Diving Deeper

In preparing for the conference Annual Meeting and its theme of “Diving Deeper: Race, Economics and Faith,” I’ve thinking back to my early awareness of and exposure to my own racism.

It was my first semester in seminary (Fall 2006) in the Chapel of the Great Commission at Pacific School of Religion. Rev. Linda Jaramillo, the UCC’s Executive Minister of Justice and Witness Ministries, was holding a town hall style meeting about dismantling racism. I don’t remember what her question was, but after I raised my hand and gave my answer, my friend whispered, “that wasn’t meant for you. White people are always answering first.”

I felt the sting of shame. I was doing what I’d been brought up to do from within the privilege of my white, middle class, social location. I clearly didn’t get it. I still struggle to see how my whiteness blinds me to the struggles of people of color. There is no blame or shame in who we are, but I believe God is constantly calling us to look at ourselves in the mirror to ask honest and deep questions.

Thousands of years ago, the Apostle Paul, in trying to explain who was in and who was out of the Jesus movement, said: “Every item of your new way of life is custom-made by the Creator, with his/her label on it. All the old fashions are now obsolete. Words like Jewish and non-Jewish, religious and irreligious, insider and outsider, uncivilized and uncouth, slave and free, mean nothing.” (Col. 3:10-11, The Message Bible)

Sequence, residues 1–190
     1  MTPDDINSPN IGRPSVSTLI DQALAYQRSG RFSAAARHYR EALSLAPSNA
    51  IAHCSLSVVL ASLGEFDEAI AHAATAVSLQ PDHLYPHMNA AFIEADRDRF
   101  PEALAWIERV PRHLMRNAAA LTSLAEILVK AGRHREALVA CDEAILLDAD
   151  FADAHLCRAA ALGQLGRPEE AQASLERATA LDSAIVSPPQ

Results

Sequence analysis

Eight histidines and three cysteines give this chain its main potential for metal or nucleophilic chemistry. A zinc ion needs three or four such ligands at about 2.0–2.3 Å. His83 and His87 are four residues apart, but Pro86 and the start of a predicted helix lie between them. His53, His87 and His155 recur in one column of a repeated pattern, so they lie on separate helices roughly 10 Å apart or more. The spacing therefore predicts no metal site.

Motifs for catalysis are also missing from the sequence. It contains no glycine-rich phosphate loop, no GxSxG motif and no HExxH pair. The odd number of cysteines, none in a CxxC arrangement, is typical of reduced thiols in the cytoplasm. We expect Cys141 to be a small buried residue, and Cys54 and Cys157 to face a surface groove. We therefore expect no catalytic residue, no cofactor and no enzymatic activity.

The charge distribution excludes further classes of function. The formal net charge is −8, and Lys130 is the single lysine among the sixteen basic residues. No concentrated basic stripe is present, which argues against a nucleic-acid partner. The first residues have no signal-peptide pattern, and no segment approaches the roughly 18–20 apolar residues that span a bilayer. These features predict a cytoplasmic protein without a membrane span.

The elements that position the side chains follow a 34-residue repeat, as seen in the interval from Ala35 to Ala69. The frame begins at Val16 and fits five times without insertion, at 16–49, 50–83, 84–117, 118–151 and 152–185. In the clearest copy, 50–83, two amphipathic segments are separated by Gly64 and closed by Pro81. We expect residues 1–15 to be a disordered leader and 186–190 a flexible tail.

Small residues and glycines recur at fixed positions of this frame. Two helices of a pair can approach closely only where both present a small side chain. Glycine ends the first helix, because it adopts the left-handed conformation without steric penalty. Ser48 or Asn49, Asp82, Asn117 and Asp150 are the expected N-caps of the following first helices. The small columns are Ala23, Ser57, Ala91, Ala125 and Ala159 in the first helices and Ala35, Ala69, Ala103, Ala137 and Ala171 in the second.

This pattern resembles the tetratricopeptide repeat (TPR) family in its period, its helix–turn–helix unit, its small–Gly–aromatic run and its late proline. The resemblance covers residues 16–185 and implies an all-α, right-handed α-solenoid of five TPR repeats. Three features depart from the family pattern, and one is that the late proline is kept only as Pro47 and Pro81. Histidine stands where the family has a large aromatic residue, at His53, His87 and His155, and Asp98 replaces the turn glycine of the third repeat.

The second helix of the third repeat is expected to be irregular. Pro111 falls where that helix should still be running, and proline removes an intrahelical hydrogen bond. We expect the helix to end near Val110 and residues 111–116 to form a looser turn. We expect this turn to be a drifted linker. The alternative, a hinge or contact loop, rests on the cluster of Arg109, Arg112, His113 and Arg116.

The Quran says something very similar. “Behold, We have created you all out of a male and a female, and have made you into nations and tribes, so that you might come to know one another.” (49:13)

I have learned to recognize and accept that I have privileges as a white American that I can use to benefit those who don’t have the same. I strive to stand up in solidarity with those with little or no voice, with those whose voices are silenced or demonized, and with those whose voices have little or no power. These are the voices God wants us to hear and respond to in extravagant love.

Though my education hasn’t always been easy or pleasant, I thank God for it. I feel I’m in good company with us in the UCC who value education and growth. I will be sharing what I learn from the Annual Meeting in future sermons and articles.

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